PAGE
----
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BFM Releases Study on Barriers to Accessibility in Manitoba's Education Systems

Feb 22, 2018

Barrier-Free Manitoba is pleased to release the report from recent research on accessibility issues facing students with disabilities across our province’s educational systems – from child care through to post-secondary.

Over 660 students with disabilities, parents of students with disabilities and educational staff working with students with disabilities completed the online surveys that were part of the research. The views shared by these respondents provide a valuable window into the accessibility or lack thereof in our educational systems.

While the results remain exploratory and are not conclusive (a larger sample size would be needed), the five major findings are very troubling.

Finding One

Despite having been in place for many years, strikingly few respondents were aware of interdepartmental protocols and planning processes developed to guide transitions and educational planning. Even when used, most reported that either ineffective or only somewhat effective.

Finding Two

Within in K-12 settings, only roughly 75% of students and parents reported that they/their children attended neighborhood schools. Only 58% and 69% of students and parents respectively reported that they/their children spent most of their school day in a regular classroom (e.g., not in a segregated setting)

Finding Three

Students, parents and staff all reported very high levels of unmet needs in virtually all the types of school-based supports meant to be available in K-12 settings. These range from a high of 63% for “Culturally Relevant Supports” to 21% for “Resource Teacher / Guidance Counsellor”.

Percent of Respondent Reporting Unmet Need by Type of School-Based Support

Graph of percentages

Finding Four

Students, parents and educational staff reported alarming levels of systemic marginalization. On average, 86% of each of the respondent groups reported having experienced “Social Exclusion“ over the last three years. Another 70% reported Bullying”. Thirty-seven percent and 6%, respectively reported that students with disabilities faced “Suspension” and “Expulsion”.

Average Percent of Respondent Groups Reporting Marginalization Over Last Three Years by Type

graph of percentages

Finding Five 

Almost all of the respondents from child care to post-secondary reported experiencing at least one of seven types of barriers that stand in the way of equitable access to quality education. At least one of these barriers was reported by 89% of students, 99% of parents and 83% of staff.
On average, more than 50% of each of the three respondent groups reported experiencing “Social Barriers” (61%), “Attitude Barriers” (57%), “Programmatic Barriers” 55%) and “Information / Communication Barriers” (54%). “Policy Barriers”, “Physical / Structural Barriers” and “Transportation Barriers” were, on average, reported by a smaller percentage of respondent groups.

Average Percent of Respondent Groups Reporting Experiencing Barriers in Educational Systems by Type of Barrier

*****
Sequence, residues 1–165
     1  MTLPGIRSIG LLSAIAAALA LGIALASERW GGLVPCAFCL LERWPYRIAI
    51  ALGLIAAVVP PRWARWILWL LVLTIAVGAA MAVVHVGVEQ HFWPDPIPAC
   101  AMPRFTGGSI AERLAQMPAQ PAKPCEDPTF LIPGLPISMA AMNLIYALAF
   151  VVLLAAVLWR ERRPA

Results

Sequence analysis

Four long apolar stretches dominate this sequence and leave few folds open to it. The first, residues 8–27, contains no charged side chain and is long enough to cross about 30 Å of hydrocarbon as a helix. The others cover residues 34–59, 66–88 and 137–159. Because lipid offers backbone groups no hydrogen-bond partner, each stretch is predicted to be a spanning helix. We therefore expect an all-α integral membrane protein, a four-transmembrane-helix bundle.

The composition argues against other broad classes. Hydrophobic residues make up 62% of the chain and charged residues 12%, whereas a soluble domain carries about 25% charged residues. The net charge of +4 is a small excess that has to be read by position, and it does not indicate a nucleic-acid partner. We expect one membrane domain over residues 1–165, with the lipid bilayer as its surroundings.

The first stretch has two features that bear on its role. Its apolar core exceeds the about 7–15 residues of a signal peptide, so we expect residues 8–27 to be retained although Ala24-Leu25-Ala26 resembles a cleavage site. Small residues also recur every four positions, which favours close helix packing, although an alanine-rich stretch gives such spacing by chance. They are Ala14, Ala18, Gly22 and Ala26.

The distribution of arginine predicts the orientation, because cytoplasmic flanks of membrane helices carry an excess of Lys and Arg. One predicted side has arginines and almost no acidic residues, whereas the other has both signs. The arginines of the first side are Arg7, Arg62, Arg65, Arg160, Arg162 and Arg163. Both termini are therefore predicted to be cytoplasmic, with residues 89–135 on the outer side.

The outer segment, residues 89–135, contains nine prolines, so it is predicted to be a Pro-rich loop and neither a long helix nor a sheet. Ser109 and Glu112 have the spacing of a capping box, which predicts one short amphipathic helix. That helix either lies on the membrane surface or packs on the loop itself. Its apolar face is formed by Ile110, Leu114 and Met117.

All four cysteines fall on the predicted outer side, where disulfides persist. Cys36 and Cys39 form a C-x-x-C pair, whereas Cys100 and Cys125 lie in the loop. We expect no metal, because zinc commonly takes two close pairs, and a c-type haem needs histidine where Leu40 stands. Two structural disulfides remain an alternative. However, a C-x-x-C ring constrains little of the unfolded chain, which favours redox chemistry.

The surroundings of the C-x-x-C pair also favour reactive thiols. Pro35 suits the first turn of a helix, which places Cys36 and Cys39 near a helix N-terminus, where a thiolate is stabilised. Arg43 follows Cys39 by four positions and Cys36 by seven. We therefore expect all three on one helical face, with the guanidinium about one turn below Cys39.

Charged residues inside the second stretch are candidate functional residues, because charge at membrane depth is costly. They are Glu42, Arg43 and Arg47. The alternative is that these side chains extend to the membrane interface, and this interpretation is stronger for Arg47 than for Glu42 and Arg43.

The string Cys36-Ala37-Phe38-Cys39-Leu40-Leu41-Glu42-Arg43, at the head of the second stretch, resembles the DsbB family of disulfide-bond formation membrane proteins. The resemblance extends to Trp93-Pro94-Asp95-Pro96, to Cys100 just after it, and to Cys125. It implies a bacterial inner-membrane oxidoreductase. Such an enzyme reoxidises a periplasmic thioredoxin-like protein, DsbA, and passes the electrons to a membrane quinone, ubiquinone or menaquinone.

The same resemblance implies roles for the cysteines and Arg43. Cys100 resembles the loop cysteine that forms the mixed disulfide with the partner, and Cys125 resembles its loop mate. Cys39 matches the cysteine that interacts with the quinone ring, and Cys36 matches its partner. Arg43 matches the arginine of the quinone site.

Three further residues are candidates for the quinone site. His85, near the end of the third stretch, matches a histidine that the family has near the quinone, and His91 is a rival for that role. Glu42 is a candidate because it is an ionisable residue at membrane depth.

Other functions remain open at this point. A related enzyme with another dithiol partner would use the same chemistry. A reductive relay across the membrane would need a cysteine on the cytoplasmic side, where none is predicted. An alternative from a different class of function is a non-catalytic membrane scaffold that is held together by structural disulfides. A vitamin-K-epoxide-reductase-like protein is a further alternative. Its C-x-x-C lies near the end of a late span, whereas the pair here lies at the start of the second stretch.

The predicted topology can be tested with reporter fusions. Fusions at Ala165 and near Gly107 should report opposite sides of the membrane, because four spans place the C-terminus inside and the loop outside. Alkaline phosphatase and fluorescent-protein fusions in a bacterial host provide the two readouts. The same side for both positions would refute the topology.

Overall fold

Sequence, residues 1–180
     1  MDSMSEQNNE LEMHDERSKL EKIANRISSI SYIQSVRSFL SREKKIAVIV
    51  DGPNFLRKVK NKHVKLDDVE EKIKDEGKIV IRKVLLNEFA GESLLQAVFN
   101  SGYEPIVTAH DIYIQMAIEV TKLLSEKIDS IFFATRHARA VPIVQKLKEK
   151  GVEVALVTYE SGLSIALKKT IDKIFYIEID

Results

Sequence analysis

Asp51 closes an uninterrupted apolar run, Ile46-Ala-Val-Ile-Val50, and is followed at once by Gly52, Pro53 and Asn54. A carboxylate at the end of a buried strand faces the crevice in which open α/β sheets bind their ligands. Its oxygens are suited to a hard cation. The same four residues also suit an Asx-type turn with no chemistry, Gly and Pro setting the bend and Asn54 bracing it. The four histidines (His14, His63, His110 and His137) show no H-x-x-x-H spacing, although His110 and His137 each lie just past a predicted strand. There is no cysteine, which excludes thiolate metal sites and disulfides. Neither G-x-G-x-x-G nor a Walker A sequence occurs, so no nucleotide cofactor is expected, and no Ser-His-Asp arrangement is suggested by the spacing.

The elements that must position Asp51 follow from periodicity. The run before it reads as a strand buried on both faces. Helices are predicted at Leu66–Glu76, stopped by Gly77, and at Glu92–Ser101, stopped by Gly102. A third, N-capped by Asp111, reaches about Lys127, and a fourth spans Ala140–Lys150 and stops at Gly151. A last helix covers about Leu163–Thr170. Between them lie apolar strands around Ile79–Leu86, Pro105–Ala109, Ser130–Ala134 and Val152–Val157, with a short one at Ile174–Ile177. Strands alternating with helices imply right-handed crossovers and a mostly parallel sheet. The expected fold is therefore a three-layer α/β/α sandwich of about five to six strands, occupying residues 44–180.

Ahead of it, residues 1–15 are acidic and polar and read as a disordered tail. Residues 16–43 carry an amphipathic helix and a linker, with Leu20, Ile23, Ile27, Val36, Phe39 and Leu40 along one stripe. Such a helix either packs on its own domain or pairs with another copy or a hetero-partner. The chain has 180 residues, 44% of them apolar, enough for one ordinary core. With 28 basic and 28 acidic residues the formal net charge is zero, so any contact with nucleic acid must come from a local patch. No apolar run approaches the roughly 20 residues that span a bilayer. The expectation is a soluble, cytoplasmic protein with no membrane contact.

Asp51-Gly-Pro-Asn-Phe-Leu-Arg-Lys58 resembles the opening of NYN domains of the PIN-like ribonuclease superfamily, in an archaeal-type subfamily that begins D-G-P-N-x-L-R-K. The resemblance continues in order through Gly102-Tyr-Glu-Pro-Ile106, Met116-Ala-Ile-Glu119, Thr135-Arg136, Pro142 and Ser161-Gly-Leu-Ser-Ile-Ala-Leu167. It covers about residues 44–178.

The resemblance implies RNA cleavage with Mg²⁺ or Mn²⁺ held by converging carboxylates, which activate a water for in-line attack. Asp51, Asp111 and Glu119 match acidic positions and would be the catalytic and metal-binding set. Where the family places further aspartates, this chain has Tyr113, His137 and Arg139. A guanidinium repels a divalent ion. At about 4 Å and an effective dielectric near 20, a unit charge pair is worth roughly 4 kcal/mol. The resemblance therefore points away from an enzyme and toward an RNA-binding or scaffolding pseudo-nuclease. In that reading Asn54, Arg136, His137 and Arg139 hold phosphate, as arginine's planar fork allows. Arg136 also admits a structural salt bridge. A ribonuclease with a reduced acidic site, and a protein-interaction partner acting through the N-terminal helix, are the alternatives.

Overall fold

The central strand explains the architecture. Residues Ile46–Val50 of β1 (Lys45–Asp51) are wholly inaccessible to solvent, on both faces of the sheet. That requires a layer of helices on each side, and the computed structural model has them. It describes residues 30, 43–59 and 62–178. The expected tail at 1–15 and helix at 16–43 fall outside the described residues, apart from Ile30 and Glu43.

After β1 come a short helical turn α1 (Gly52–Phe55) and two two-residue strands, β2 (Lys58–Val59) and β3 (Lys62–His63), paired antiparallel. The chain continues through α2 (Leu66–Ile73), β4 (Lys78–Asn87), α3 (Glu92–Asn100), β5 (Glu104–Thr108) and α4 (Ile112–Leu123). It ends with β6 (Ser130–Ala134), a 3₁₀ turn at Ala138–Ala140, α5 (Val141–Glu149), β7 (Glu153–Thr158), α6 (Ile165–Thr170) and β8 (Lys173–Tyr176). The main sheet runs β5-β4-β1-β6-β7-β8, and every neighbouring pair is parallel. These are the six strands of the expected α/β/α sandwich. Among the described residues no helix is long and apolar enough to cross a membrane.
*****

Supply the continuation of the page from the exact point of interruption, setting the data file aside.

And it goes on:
graph of percentages

These findings are troubling indeed. They suggest how very far our educational systems still have to go in order to meet their basic human rights obligation to provide Manitoban students with equitable access to quality education. Fulfilling these rights that are enshrined in provincial, national and international law will require a serious and realistic appraisal of systemic limitations by government, educational stakeholders and Manitobans with disabilities, followed by action and accountability for results.

This is why Barrier-Free Manitoba, along with individuals and organizations representing more than one in every ten Manitobans, has called on the Provincial government to develop and enforce a strong accessible education standard under the landmark Accessibility for Manitobans Act.

Backed by fresh and compelling evidence, we renew our call today for this essential but missing standard.

About the Report

This summary of key findings is from the report called A Window into the Accessibility of Manitoba’s Education Systems: From Early Learning and Childcare, through Nursery/Kindergarten to Grade 12 and into Post-Secondary that was completed by Education Solutions Manitoba. EMS is Education Solutions Manitoba is a consulting company providing professional development and strategic planning services to a wide range of education system stakeholders in Manitoba.

Barrier-Free Manitoba played important roles in helping design the survey and providing comment on drafts of the report.

Financial support for this research was provided by Community Living Manitoba who received funding from Employment and Social Development Canada under the Social Development Projects for People with Disabilities Program.

We invite you to review the full or Execctive Summary versions report

We also invite you to download this highlights report:

Finally, we are pleased to post PDF (apologies for not including Word version) of the three surveys:

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